I had no idea how to get into training. I decided to ask John Errichello from my gym to see if it was actually possible. I’ve known John since I was in high school and he’s always been good to me and my family. I was nervous because I didn’t want to come off as disrespectful by asking. (It’s actually funny looking back at it now because of all the people I see online selling “training” and “nutrition” when they have no idea what the hell they are talking about.) John, like always, was helpful and told me it was possible. He said I had to get certified through NASM to work at the gym and he’d help me with things along the way.

I wound up studying the textbook every night when I got home from work around 1 a.m. and would meet with John once a week to go over things. That led to me getting certified in February of 2014 and starting my time as a trainer.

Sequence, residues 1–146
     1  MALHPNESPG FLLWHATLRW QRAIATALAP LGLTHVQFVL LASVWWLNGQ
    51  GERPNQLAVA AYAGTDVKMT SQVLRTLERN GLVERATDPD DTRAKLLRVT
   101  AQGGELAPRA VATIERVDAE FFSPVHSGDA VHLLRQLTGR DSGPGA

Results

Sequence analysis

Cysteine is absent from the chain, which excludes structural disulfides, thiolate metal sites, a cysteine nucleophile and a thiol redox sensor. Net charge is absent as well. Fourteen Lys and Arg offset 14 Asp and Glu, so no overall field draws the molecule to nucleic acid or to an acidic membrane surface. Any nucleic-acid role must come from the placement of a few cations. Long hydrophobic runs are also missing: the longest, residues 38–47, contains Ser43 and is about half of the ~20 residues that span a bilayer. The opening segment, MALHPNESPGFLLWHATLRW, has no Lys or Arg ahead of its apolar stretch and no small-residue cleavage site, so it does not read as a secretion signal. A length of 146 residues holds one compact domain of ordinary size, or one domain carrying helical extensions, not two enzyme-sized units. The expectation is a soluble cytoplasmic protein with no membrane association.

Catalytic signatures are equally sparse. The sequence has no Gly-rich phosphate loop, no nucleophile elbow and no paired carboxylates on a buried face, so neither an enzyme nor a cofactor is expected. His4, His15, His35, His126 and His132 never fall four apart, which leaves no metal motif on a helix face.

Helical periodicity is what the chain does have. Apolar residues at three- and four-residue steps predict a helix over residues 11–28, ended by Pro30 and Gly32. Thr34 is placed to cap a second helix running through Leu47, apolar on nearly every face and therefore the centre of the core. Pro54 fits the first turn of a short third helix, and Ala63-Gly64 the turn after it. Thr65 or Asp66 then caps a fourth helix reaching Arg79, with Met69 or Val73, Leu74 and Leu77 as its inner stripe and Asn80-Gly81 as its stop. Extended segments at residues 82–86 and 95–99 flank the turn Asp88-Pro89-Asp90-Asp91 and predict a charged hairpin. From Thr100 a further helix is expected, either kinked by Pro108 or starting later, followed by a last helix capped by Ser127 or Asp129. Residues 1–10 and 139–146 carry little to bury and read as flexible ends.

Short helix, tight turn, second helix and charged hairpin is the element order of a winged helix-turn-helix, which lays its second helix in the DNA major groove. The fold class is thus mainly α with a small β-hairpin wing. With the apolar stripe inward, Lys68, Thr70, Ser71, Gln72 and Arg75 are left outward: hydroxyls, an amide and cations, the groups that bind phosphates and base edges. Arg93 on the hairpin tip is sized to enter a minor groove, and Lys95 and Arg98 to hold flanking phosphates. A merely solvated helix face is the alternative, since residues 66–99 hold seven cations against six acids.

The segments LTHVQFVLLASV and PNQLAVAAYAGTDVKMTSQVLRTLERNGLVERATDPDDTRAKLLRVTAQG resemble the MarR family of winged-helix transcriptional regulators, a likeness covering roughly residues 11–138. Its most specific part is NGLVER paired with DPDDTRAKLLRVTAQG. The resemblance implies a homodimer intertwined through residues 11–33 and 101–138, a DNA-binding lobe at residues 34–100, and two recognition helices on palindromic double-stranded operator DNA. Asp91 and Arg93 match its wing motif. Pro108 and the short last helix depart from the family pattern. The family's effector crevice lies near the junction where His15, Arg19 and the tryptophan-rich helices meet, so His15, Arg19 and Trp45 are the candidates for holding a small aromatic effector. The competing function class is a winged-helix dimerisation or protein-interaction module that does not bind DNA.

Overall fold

Now, I had to break up my 10 years into four parts. There’s a lot to include so I had to turn this into three posts.


The first year was tough. I wasn’t really sure of what I was doing outside of the basics I learned in the textbook. I didn’t know how to deviate from the plan when necessary. Plus, you start off with zero clients and my ability to close a client was similar to Aroldis Chapman in an elimination game. Not good.

The goal I always had in my head was that I wanted to be able to train athletes of all ages. In order to do that, though, you need to actually train people. Fortunately, I have this optimism that things will always work out in the end if you work hard and that’s what got me through the first year.

After a few whiffs, I finally landed my first client in Theresa Folino. She was the perfect person to start off with. She was coming off of an injury and just wanted a plan to help her slowly get back into lifting. She wasn’t looking for anything crazy, which was good because I couldn’t offer anything outside of the basics anyway.